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2 Top Dividend Stocks to Buy While the Market Is in Turmoil

Canadian investors looking to stop the bleeding in their investment portfolios should have these two dividend stocks on their radar.

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After an incredible year of gains last year, the Canadian stock market is off to a rough start in 2022. Despite the global pandemic still continuing to run rampant, the S&P/TSX Composite Index soared more than 20% in 2021. It’s been a different story this year, though, with the index already down a couple of percentage points on the year, with the majority of those losses coming over the past week.

The market as a whole may only be down a couple of percentage points on the year, but there’s no shortage of high-quality Canadian stocks trading significantly below all-time highs today. Growth stocks, particularly in the tech sector, have felt the brunt of the recent selloff.

Investing in dividend stocks   

Owning shares of a Dividend Aristocrat is one way for Canadian investors to help mitigate the recent spikes in volatility. When the market is riding a surging bull run, high-yielding dividend stocks are not the most exciting companies to own. But when the market inevitably goes through a selloff, investors will be glad to own shares of a dependable blue-chip dividend stock.

In addition to defensiveness, dividend stocks can generate passive income that can help balance out the losses that many growth investors have endured over the past week.

With that being said, I’ve reviewed two top dividend stocks on the TSX. Both companies can not only pay handsome dividend yields but can also provide much-needed defensiveness during high-volatile market periods. 

Algonquin Power

Utility stocks are some of the most dependable companies Canadians can invest in. Regardless of the condition of the economy, revenue levels tend to stay fairly stable for utility companies. As a result, volatility remains low.

If you’re typically focused on investing in growth stocks, Algonquin Power (TSX:AQN)(NYSE:AQN) may be a fit for your portfolio. Even though the dividend stock pays a very impressive nearly 5% yield, the company is no stranger to outperforming the Canadian market.

Excluding dividends, shares of Algonquin Power are up more than 60% over the past five years. When factoring in dividends, the utility stock has more than doubled the returns of the Canadian market since 2017. 

At today’s stock price, the company’s annual dividend of $0.85 per share yields 4.8%.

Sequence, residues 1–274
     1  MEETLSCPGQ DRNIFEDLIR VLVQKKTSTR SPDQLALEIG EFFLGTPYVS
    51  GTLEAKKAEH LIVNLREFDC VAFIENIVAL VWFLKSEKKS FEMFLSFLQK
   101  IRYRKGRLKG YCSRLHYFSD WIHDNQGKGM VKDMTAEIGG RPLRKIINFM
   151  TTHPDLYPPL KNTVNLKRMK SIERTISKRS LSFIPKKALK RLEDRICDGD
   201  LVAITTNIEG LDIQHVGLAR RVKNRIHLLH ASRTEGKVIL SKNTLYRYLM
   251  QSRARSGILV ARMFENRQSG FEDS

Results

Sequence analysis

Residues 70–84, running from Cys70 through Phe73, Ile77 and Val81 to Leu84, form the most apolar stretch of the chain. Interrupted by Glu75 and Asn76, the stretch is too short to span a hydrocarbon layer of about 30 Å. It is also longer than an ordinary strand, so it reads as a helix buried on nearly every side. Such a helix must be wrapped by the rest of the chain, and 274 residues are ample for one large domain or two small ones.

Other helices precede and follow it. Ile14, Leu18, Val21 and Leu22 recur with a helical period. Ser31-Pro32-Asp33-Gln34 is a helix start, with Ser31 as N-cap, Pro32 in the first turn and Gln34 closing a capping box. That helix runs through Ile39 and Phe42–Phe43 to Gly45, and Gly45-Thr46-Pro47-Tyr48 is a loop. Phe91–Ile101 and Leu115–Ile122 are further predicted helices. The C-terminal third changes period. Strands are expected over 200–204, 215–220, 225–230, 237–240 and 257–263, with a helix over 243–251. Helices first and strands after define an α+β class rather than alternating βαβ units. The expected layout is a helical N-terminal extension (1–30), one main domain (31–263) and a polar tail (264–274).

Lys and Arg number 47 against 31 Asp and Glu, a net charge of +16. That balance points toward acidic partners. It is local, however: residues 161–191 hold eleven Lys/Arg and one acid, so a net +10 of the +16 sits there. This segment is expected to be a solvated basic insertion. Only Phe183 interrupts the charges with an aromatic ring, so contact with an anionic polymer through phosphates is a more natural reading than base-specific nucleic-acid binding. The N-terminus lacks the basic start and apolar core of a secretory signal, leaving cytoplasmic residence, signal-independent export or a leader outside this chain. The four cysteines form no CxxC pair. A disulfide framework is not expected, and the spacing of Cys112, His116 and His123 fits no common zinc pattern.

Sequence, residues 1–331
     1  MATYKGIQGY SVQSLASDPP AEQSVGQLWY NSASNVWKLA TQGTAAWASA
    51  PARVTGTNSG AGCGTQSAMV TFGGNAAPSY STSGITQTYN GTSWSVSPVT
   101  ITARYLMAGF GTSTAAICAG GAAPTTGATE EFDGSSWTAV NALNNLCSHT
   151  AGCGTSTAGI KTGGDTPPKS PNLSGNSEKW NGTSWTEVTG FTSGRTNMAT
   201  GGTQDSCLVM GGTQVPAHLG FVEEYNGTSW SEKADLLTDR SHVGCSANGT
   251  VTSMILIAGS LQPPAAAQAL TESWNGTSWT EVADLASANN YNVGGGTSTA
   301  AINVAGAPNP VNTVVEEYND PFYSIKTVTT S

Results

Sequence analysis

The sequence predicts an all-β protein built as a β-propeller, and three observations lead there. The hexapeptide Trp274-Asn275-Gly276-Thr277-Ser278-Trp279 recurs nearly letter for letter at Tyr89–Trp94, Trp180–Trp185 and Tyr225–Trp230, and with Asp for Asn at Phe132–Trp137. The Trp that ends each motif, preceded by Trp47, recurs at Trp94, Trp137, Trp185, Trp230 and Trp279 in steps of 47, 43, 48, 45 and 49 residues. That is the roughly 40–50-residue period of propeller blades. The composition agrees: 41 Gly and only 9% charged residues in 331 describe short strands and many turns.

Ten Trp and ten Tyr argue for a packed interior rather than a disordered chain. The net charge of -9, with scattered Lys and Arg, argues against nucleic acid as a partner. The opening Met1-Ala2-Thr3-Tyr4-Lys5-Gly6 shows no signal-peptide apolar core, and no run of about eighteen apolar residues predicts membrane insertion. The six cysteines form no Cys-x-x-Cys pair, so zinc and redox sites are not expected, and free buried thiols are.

There aren’t many companies on the TSX with a market-beating track record like Algonquin Power that also pay a dividend that yields upward of 4%.

Sun Life

Speaking of unexciting, but dependable, dividend stocks, I’ve got Sun Life (TSX:SLF)(NYSE:SLF) at the top of my own watch list right now.

Insurance is certainly not the fastest-growing area of the market. It is, however, one industry that I’d argue isn’t going away anytime soon. That’s one of the reasons why Sun Life has been a great defensive stock to own over the past decade. I don’t expect that to change in the coming decades, either.

At a market cap of $40 billion, Sun Life is the second-largest insurance company in Canada, behind only Manulife. But with the company’s aggressive growth plans in the coming years, particularly in Asia, it may not be long before Sun Life overtakes Manulife as the largest insurance stock on the TSX.

In addition to passive income and defensiveness, price is another reason why the insurance stock is on my radar. Shares are currently trading at a very cheap forward price-to-earnings of barely over 10.

At today’s stock price, Sun Life’s annual dividend of $2.64 per share yields 3.7%.

This article represents the opinion of the writer, who may disagree with the “official” recommendation position of a Motley Fool premium service or advisor. We’re Motley! Questioning an investing thesis — even one of our own — helps us all think critically about investing and make decisions that help us become smarter, happier, and richer, so we sometimes publish articles that may not be in line with recommendations, rankings or other content.

Fool contributor Nicholas Dobroruka has no position in any of the stocks mentioned. The Motley Fool has no position in any of the stocks mentioned.

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